Parenthood Can Be Tough But It Shouldn’t Be Painful: Hidden Signs of Parental Depression and Anxiety

This article is adapted from my weekly BBM Global Network and Tune In Radio show that shares a title with this column, MD for Moms. The show in question was an interview with Dr. Daniel Singley, where I switched gears to cover fatherhood issues.

Being a parent is never easy, can be overwhelming, and almost always comes with some degree of sleep deprivation, so how can anyone know when they have crossed over into the realm where they would benefit from treatment by a mental health specialist? I am often asked this question or variations, so let’s review several subtle signs that may suggest a mom or dad is suffering from depression and/or anxiety.

First and foremost, I always remind people that parenthood may be tough, but it should never be painful.

While this is not an exhaustive list and can’t replace a formal diagnostic consultation, it does cover some overlooked signs of parental anxiety and/or depression that I commonly focus on when doing an evaluation in my practice. 

    1. Fun
      Can you play on the floor and laugh, really giggle and let loose with your kids? Can you make funny faces or play peekaboo and take genuine pleasure in your child’s response? If you have an infant, can you cuddle and relax while holding them? For older kids, can you watch a ballgame with your son and enjoy it because he is telling you all about the players? Can you dress up like a princess or prince and let your daughter do crazy things with your hair and play along with her? There needs to be joy in parenting - if there isn’t, rather than feeling guilty or placing blame, we instead need to recognize that mom or dad is likely suffering from depression or anxiety and needs help to feel better.  
    2. Driving
      Do you find it incredibly anxiety inducing to drive a car despite formerly considering it an every-day activity? I ask this question often and consider it an important indicator for  some degree of depression and/or anxiety. Why? Because driving is an activity where we are in control, and if you don’t feel confident in yourself and your abilities, and if you feel you aren’t good enough and can’t be trusted, then you won’t feel comfortable behind the wheel.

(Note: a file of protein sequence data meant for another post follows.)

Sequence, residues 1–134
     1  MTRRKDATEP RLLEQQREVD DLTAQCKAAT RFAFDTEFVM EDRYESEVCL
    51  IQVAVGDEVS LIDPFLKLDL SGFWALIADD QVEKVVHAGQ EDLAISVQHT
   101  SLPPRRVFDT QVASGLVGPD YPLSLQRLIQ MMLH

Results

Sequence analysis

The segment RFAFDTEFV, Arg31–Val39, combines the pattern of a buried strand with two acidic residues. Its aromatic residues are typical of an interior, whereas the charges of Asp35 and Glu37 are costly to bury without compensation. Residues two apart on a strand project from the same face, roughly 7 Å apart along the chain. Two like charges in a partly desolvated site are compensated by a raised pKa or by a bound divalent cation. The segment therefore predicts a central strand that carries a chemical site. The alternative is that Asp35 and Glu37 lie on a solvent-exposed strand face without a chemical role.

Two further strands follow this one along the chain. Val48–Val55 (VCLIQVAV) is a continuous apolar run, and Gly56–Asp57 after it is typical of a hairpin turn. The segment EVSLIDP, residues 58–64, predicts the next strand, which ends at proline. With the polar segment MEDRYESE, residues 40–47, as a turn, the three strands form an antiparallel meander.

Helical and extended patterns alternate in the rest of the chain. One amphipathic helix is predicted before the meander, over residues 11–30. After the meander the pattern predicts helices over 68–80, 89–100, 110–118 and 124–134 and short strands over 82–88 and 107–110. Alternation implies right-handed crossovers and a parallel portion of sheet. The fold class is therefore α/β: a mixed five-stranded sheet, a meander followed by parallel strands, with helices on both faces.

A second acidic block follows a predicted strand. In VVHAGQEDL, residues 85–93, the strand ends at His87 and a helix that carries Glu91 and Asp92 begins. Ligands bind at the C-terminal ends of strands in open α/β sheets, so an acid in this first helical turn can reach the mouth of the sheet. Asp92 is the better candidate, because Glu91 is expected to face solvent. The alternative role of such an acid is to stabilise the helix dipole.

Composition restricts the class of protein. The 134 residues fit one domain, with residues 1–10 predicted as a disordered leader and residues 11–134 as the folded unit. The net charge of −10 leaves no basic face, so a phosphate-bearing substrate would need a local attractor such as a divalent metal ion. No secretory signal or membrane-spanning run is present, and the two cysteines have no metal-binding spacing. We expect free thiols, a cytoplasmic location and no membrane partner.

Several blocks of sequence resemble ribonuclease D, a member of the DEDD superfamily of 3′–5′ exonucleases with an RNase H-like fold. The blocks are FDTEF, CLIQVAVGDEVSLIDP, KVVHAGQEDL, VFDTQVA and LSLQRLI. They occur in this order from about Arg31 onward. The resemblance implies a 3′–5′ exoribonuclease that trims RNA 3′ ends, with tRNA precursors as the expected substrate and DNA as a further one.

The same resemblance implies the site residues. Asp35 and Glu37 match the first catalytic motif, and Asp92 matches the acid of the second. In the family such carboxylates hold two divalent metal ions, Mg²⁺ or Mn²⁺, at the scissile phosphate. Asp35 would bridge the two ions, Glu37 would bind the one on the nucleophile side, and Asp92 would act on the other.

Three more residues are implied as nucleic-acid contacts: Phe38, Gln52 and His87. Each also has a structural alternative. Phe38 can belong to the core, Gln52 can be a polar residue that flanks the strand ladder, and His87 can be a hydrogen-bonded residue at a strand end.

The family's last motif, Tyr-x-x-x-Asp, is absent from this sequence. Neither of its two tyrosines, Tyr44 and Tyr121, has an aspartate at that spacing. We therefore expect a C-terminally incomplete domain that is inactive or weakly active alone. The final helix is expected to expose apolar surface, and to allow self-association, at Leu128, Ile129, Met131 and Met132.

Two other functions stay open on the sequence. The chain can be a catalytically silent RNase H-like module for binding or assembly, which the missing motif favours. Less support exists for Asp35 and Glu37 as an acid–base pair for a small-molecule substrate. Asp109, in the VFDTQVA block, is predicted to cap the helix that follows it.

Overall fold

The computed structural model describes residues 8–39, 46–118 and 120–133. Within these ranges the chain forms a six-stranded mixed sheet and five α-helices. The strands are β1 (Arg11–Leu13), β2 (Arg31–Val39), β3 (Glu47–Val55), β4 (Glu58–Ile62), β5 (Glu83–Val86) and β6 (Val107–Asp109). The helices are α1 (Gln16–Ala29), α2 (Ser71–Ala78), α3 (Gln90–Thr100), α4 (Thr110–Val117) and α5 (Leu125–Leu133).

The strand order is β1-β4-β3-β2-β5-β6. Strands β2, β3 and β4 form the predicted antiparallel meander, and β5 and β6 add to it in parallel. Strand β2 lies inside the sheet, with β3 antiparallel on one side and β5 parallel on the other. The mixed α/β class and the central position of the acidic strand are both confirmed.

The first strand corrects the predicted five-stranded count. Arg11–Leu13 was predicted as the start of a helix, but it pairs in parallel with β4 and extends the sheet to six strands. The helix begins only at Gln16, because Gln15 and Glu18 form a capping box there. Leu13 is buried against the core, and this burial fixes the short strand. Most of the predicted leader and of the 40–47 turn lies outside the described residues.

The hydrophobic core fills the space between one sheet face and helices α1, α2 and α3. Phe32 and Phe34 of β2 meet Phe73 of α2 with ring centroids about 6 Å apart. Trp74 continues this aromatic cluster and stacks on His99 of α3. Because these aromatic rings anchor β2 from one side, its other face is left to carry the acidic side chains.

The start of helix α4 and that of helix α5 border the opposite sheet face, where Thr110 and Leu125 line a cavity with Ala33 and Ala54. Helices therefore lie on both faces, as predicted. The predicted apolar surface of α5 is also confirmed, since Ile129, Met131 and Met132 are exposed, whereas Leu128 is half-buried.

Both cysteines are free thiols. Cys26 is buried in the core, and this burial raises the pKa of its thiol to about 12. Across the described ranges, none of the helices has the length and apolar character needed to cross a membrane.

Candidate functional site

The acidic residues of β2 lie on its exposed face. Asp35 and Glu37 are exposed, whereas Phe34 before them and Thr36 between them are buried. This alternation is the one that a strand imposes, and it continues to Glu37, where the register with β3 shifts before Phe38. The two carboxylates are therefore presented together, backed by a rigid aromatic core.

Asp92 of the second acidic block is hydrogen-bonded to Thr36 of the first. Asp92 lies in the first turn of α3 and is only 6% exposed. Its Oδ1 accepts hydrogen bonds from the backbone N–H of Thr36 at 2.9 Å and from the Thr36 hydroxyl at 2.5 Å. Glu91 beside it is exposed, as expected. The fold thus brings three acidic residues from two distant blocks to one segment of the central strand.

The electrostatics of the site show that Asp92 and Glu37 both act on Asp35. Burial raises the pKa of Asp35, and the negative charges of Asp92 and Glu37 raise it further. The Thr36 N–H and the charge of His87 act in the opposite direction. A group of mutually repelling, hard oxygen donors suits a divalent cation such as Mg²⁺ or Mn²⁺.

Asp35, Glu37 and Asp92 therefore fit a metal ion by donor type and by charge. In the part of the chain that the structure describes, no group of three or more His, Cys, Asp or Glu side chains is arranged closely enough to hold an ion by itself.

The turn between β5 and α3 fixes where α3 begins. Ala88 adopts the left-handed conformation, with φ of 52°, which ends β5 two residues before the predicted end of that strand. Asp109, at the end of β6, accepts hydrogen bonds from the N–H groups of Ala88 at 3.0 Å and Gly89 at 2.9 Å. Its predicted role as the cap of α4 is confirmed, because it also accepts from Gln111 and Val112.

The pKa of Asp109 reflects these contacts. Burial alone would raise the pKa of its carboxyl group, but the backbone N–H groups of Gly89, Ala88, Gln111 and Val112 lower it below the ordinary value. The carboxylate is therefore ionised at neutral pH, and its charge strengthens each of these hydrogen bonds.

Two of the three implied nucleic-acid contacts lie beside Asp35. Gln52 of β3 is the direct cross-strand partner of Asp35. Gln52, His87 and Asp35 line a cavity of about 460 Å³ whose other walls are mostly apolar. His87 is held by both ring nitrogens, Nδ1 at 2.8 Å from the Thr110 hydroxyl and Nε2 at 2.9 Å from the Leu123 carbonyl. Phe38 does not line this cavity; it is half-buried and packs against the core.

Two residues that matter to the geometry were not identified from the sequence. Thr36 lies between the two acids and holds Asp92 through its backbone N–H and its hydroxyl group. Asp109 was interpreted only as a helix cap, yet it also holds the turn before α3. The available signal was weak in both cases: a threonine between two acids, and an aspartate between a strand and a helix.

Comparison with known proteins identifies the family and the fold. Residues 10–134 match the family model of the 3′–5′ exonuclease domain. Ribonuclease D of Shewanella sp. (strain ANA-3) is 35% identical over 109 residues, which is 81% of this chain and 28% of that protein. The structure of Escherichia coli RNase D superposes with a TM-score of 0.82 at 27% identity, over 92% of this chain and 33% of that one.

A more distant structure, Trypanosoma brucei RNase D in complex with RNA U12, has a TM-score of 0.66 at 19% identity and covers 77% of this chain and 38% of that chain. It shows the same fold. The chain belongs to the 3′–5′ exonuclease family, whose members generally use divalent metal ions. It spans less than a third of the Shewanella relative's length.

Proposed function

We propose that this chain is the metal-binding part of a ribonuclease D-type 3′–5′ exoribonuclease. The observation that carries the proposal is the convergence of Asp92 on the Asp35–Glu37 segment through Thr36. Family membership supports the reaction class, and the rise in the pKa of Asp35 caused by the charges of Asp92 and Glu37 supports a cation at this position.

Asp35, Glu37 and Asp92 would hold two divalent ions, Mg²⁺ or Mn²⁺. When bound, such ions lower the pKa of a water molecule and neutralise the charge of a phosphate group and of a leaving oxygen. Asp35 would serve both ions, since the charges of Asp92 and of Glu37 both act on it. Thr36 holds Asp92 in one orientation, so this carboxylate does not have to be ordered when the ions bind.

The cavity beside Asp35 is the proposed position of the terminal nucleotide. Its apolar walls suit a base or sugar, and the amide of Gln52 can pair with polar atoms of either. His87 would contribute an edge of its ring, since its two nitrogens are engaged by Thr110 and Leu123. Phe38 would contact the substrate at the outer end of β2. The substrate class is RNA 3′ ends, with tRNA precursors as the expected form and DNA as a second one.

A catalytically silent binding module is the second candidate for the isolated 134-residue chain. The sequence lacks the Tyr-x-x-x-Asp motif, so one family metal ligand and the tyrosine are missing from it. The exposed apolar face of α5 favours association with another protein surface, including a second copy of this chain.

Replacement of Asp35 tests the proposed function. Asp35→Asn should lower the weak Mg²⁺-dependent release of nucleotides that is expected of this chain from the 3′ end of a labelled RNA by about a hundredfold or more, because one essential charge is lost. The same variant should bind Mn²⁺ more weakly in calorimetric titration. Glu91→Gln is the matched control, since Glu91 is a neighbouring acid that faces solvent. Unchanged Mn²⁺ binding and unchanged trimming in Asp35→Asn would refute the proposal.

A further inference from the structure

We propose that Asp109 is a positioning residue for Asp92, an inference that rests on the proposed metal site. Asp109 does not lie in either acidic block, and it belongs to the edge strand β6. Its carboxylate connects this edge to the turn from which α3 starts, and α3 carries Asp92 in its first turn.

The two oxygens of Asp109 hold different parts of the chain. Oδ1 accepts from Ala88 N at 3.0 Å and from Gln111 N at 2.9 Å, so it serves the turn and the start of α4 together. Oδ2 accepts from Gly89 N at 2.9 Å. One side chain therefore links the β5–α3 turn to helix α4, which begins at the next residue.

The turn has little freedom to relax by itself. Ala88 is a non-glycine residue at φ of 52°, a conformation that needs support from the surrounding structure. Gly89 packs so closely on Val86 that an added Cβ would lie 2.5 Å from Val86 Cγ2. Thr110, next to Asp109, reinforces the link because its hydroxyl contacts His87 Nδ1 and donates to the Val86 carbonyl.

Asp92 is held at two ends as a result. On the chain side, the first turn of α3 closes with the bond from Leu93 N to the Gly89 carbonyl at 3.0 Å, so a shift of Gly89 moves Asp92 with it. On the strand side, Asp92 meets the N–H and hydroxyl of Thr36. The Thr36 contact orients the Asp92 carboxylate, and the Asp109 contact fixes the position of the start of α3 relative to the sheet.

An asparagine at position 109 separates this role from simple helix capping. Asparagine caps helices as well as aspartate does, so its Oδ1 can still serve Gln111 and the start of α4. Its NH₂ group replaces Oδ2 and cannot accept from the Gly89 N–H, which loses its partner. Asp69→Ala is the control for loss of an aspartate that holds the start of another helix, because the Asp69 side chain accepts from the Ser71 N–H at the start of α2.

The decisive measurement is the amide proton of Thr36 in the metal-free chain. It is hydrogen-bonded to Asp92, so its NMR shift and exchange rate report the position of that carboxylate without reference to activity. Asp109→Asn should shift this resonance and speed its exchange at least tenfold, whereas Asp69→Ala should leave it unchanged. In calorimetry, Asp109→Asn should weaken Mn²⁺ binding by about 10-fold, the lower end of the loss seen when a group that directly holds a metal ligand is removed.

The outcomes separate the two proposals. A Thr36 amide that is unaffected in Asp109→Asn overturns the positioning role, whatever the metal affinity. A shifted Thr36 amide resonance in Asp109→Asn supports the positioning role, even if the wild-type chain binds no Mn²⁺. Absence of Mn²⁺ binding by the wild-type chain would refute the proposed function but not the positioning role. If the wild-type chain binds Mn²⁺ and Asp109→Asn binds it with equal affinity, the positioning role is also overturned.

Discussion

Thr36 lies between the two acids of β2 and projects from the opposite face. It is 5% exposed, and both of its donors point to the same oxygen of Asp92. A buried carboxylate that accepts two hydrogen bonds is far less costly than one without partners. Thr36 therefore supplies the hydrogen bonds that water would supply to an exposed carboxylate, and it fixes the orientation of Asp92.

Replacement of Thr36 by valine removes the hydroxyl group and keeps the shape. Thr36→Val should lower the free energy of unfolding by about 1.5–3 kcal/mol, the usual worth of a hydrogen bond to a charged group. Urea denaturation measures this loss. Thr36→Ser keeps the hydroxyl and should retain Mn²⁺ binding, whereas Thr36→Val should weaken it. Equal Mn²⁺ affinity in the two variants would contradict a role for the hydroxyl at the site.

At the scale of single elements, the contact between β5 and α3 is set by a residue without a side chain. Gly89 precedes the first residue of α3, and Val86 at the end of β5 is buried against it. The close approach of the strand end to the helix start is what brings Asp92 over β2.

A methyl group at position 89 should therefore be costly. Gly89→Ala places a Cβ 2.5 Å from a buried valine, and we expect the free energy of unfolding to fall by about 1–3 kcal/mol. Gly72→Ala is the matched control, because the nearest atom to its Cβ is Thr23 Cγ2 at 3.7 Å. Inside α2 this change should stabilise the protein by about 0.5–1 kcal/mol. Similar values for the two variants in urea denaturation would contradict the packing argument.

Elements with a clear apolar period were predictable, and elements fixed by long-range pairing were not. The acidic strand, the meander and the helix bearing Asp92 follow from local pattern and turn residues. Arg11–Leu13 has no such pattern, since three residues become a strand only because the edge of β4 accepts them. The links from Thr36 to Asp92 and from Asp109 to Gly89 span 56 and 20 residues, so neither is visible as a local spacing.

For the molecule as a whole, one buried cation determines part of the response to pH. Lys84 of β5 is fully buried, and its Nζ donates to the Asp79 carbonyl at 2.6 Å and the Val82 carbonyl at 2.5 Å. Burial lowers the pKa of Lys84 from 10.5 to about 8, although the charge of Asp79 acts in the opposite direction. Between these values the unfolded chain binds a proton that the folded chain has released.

3. Body Image
      Are you incredibly hard on yourself recently, such that perceived flaws in your appearance that didn’t bother you previously now make you cringe?  Women commonly express depressed mood through self loathing, which often manifests in food deprivation in an effort to re-exert control. Poor caloric intake further worsens mood and increases irritability. You are the most beautiful woman in the world to your children regardless of your weight, and your self image is distorted by your depressed mood, so take care of your mind and your body image will follow.
    4. The Starbucks Challenge
      Are you often angry or irritated? Imagine that you are on line at Starbucks without your phone - it’s a long line, and there is a slow barista, and someone in front of you starts paying in nickels - how do you feel? Are you able to control your frustration or do you find yourself jumping out of your skin immediately? Many people would be annoyed in this scenario, but ideally you can control your emotions and remain calm. If you can’t, that indicates a problem that likely plays out in other parts of your life: with your partner, your kids, friends and family, and at work. This can have negative consequences, so keep an eye out for excess irritability.
    5. Withholding                                                                                                             Does the thought of devoting time or resources to yourself cause anxiety? It is especially common for women suffering from depression to deprive themselves due to  a sense that they aren’t worthy of such things or that they don’t need it. If you are eschewing things that once gave you pleasure then consider whether you are inadvertently punishing yourself as a result of an un-diagnosed and untreated depression.

There are also the many more commonly referenced indicators of depression and anxiety that are not listed above that I consider when assessing a patient, including: How’s your sex life? Do you shy away from your partner’s touch, do you still have a sex drive, do you enjoy intimacy? Are you being social with friends and family? Are you exercising and going outside regularly? How’s your energy? Do you have the same get up and go as you used to?

Reading this and saying yes often? Know another mom or dad who might feel this way? It stinks - anxiety and depression are painful and dis-empowering conditions. Time flies by and you deserve to enjoy the fun and experience things as they are without the shadow of depression or anxiety dragging you down. Many treatments exist that can help relieve symptoms and allow you to get back to enjoying your life.

If you or someone you know and love suffer from depression or anxiety then reach out for help. There are several resources on my website, and you can also check the Postpartum Support International website for support groups, education and to find local providers.

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